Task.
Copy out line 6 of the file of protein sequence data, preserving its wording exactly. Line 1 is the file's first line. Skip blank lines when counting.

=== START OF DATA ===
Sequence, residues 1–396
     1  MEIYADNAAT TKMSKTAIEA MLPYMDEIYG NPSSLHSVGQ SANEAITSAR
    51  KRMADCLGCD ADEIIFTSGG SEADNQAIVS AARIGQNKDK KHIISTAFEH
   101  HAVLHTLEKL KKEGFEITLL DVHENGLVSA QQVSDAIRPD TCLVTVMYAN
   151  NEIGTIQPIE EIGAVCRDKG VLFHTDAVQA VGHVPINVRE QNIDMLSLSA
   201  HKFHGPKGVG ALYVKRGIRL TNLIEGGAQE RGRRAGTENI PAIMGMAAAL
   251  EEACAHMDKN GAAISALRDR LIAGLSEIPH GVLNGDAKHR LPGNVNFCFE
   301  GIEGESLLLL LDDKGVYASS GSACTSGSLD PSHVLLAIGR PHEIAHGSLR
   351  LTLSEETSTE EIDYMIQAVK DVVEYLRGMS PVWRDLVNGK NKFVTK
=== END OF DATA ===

   201  HKFHGPKGVG ALYVKRGIRL TNLIEGGAQE RGRRAGTENI PAIMGMAAAL